Today, companies dont care about growing net earnings, or the company, per se, because their stock price goes up via stock buybacks which reduces the outstanding shares and thereby increases the P/E- even if earnings dont increase or even decline! When the stock price rises, so does the value of insider stock options and warrants!
It seems like this game of charades causes almost everyone to win in the short run? However, if interest rates rise, and/or yields invert the game ends. Thats what happened last October-through December 24, 2018.
The Fed (who knows the risk quite well) has to come in and rescue the markets from what they had caused by raising short term interest rates at their December 2018 meeting.
The U.S., and world are now trapped in their own Pandoras Box of low to negative interest rates, and monstrous growing of never to be repaid debt. This problem is also present in the private equity market, according to Reynolds.
Corporations buying back their own stock with the proceeds of bond sales to Pension funds (in order to fund their Pension mandated returns to retirees) causes stock prices to increase, even when earnings are set to decline (and possibly enter an earnings recession).
Weve puzzled over this for many years and at long last have found a plausible answer why earnings growth doesnt really matter much anymore to stock market participants.
The markets also know the Fed can talk tough, but (with a close to $4 trillion balance sheet and very low or negative real rates) the Fed has no ammo to fight the end game of panic selling. The only option was for the Fed to reverse its interest rate policy, which it did on January 4th as Victor so eloquently described here. The Fed had to change course else risk a loss of liquidity driven crash. This madness can only end, when reality and its consequences causes it to stop.
The Keynesian policy (distorted to the 10th power) of government spending and creating debt, while lowering interest rates, added to raising of taxes (whose sole purpose is to lower middle-class spending power) to keep inflation low and to allow this insane policy to continue. This is the true execution of serving the rich and enslaving the poor.
The repression of the middle class/savers is illustrated below via the real interest rate on T-bills from 12/31/08 to 12/31/18:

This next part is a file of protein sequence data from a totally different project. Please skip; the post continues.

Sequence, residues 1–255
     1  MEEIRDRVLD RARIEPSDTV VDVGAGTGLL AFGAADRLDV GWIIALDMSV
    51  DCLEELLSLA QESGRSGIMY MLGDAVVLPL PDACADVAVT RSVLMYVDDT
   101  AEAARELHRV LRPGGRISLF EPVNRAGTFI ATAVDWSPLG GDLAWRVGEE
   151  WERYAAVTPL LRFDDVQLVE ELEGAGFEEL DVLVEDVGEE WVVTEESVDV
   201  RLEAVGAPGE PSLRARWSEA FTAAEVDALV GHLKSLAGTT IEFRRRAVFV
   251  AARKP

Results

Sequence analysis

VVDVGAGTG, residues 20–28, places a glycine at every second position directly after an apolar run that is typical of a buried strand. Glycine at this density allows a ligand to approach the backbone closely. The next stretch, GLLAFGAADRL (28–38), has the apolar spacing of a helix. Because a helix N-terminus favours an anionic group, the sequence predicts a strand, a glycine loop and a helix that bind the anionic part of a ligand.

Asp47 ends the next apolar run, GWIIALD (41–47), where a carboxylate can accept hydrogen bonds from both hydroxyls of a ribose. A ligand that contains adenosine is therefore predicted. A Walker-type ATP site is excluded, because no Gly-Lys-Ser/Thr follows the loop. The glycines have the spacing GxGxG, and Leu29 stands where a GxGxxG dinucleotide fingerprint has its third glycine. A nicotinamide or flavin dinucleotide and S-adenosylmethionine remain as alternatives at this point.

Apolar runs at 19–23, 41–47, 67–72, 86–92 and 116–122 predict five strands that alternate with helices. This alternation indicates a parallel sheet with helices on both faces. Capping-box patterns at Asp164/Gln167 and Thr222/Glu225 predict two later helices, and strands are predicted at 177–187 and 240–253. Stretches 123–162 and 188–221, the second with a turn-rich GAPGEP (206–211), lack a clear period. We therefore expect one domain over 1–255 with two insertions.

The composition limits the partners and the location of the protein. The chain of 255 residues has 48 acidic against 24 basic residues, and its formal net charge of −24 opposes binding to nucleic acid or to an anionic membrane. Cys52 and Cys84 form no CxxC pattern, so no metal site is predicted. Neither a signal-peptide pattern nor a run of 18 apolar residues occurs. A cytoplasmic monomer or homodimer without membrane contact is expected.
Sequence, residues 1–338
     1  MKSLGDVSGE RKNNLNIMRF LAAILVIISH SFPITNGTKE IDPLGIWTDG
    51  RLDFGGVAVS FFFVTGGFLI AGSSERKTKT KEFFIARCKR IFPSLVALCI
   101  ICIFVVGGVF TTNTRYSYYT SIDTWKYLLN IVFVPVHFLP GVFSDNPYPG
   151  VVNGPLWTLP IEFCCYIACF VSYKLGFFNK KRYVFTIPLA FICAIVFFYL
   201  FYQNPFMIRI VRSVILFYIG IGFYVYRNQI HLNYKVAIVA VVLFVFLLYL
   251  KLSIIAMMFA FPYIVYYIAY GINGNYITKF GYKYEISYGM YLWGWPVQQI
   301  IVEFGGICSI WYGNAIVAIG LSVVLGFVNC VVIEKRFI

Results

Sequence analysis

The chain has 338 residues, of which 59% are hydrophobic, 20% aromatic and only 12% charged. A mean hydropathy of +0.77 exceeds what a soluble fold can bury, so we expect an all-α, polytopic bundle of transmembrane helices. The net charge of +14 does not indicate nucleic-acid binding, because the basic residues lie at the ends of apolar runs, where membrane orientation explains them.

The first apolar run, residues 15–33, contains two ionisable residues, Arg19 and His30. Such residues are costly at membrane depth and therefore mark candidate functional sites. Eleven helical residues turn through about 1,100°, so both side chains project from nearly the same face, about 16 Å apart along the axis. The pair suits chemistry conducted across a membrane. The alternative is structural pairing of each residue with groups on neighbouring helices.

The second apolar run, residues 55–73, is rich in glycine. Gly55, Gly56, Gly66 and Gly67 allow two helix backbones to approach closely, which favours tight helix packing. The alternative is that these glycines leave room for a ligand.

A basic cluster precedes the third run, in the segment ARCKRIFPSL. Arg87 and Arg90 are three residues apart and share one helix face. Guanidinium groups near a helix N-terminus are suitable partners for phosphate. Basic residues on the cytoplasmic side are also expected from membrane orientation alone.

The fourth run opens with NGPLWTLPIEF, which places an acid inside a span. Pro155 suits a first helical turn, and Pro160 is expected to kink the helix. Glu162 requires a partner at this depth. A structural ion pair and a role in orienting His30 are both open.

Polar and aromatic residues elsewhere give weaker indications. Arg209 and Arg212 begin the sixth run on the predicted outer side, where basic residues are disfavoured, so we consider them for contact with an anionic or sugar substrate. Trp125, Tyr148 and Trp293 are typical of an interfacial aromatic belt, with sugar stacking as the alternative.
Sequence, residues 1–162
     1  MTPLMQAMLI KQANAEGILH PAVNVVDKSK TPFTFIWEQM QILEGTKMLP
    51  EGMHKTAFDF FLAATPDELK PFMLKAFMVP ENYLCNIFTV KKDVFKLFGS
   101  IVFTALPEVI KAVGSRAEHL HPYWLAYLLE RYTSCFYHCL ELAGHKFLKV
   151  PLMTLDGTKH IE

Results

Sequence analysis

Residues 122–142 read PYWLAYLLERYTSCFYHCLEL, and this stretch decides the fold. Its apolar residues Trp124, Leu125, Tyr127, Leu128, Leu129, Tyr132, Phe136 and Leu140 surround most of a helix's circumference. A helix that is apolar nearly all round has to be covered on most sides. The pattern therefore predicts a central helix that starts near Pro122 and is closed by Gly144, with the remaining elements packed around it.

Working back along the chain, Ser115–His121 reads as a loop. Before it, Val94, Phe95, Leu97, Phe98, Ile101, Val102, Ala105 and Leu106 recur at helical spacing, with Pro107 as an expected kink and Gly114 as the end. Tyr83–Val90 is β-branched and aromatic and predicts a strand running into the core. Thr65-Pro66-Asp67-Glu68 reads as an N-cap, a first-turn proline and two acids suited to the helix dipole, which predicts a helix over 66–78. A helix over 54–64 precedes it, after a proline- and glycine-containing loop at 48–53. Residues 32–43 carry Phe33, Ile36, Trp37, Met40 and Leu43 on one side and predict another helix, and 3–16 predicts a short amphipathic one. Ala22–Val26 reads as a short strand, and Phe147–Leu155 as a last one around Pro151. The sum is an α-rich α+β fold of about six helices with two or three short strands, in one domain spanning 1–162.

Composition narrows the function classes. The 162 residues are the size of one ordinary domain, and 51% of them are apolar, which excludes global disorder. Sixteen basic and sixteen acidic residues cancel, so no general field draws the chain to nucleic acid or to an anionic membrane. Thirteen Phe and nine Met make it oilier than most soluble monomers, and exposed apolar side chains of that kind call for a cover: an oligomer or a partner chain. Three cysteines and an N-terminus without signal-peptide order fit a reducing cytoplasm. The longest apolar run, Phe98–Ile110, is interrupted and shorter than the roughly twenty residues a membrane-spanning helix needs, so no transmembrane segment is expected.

CPI =1.8% and one-month T-bills = 0.32% net (-1.48% in real terms) compounded.
Compare that to the time period from 12/31/1925 to 12/31/08:
CPI =3.01% and one-month T-bills =3.71%.
The real (pre-tax) interest rate during the multi-decade long latter period was +70bps vs. a -1.48% real loss during the latest 10-year time period (through 12/31/18)!
The bottom line: The markets dont care about the economy anymore. They only care if interest rates are rising or falling. According to Reynolds, the record amount of stock buybacks this year are being fueled, aided and abetted by corporations using the proceeds of newly issued debt to buy back stock in record numbers.
End Quote (Victor):
It appears to me that the GOAL of corporations buying back their own stock (aided by an accommodative Fed) is to take money from the people and transfer it to the elites (i.e. thats been the effect of zero interest rates and QE for the last decade). Thereby, that turns the people into serfs.
Genghis Kahn put it differently, but the end result is similar:
The greatest happiness is to vanquish your enemies, (the people) to chase them before you, to ROB THEM OF THEIR WEALTH, to see those dear to them bathed in tears, to clasp to your bosom their wives and daughters.
― Genghis Khan
Good luck and till next time ..
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Curmudgeon is a retired investment professional. He has been involved in financial markets since 1968 (yes, he cut his teeth on the 1968-1974 bear market), became an SEC Registered Investment Advisor in 1995, and received the Chartered Financial Analyst designation from AIMR (now CFA Institute) in 1996. He managed hedged equity and alternative (non-correlated) investment accounts for clients from 1992-2005.
Victor Sperandeo is a historian, economist and financial innovator who has re-invented himself and the companies he's owned (since 1971) to profit in the ever changing and arcane world of markets, economies and government policies. Victor started his Wall Street career in 1966 and began trading for a living in 1968. As President and CEO of Alpha Financial Technologies LLC, Sperandeo oversees the firm's research and development platform, which is used to create innovative solutions for different futures markets, risk parameters and other factors.